Here Comes the Tech Future for Design and Manufacturing

Siemens PLM has changed its name to Siemens Digital Industries Software to reflect its wider technology range. Design News sat down with Tony Hemmelgarn, the CEO of the newly named company, to talk about the expansion of industrial technology.

At the Siemens Media and Analyst Conference in Brooklyn earlier this month, Tony Hemmelgarn, CEO and president of Siemens Digital Industries Software (previously Siemens PLM), sat down to answer questions about new technology for design and manufacturing. Much of the conversation involved finding the balance between getting ahead of customers with technology and – on the other hand – keeping up with the customer’s leap into new tech.

Tony Hemmelgarn, Siemens PLM, Siemens Digital Industries Software, simulation, IoT, additive manufacturing, design software

Tony Hemmelgarn, CEO and president of Siemens Digital Industries Software explained the balance the company need to meet customer’s technology needs without getting ahead of the customer. (Image source: Siemens)

Design News: How do you keep from getting too far ahead or too far behind you customers technology needs?

Tony Hemmelgarn: One of the challenges in responding to customer demand, is sometimes we’ve found we were falling behind. When we see that, we start to move ahead. Sometimes the market starts to push. At the beginning of additive manufacturing, we were a bit behind. So we moved into it, since everybody was going to do it. We caught up and now maybe the hype has gotten ahead of the market. At this point, I think additive has so much capability that people are missing it a bit, mostly because of the hype. Additive designed parts can be way more efficient than traditionally design parts.

DN: How has the balance worked with other technologies?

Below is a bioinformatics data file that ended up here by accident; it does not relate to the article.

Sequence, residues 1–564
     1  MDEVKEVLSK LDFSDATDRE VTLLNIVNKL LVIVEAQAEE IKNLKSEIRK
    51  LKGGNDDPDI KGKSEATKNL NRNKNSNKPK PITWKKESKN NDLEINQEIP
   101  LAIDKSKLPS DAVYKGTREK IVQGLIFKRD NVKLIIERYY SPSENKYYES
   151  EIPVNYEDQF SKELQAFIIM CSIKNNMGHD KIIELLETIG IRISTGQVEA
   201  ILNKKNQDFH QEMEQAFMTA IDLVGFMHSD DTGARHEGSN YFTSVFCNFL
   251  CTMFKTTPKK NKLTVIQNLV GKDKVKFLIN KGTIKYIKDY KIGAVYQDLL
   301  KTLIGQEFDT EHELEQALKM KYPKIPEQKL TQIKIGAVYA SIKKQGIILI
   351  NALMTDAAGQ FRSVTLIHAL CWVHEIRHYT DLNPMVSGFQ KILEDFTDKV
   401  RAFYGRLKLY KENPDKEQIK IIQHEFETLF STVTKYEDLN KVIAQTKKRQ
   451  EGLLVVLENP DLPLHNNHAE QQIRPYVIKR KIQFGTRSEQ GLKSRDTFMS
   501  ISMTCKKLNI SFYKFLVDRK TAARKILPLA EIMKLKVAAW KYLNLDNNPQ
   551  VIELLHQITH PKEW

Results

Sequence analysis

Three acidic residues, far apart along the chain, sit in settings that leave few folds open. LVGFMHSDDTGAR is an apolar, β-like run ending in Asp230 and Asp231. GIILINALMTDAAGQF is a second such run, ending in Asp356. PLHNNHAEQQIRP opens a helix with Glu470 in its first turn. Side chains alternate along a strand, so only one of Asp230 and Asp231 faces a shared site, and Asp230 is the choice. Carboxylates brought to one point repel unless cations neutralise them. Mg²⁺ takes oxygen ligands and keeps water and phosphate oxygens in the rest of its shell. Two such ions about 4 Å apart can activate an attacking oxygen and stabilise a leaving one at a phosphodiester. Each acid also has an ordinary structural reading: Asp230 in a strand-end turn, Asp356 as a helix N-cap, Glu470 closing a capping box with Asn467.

IoT was overhyped at first, but then it began to take off. Same with augmented reality and virtual reality. They may still be overhyped, but we have to be ready and make sure we’re there when it really catches on. Sometimes we get ahead with our technology, and then we have to wait for the market to catch up. We let our customers move at their pace. We can do cloud; we can do all kinds of things. Yet we’re not going to our customers and saying they have to go to cloud services. While we always have to be ready for new technology, we’re not going to force our customers into a business model they’re not ready for. An executive at one of our customer companies wanted to move to the cloud, but the company’s CIO said absolutely not. If they push back on our technology, we don’t go there.

DN: Are some industries significantly ahead of others in technology adoption?

TH: With model-based design, some of the automotive OEMs are pushing it. It’s also getting big in aerospace, Yet when you get out of auto and aerospace, it’s not big. Auto has been trying to learn from aerospace. In the past, auto companies would build a product and hope someone would buy it. In aerospace, you don’t build it unless you know it will work in the market. The approach is different depending on the industry. A big part of our work is to get business practices to change. Some embrace model-based design pretty well. The next generation of workers will be happy not to have a model or drawing. But in aerospace and automotive, you have to maintain drawings for 25 years.

DN: What is Siemens role in regulations?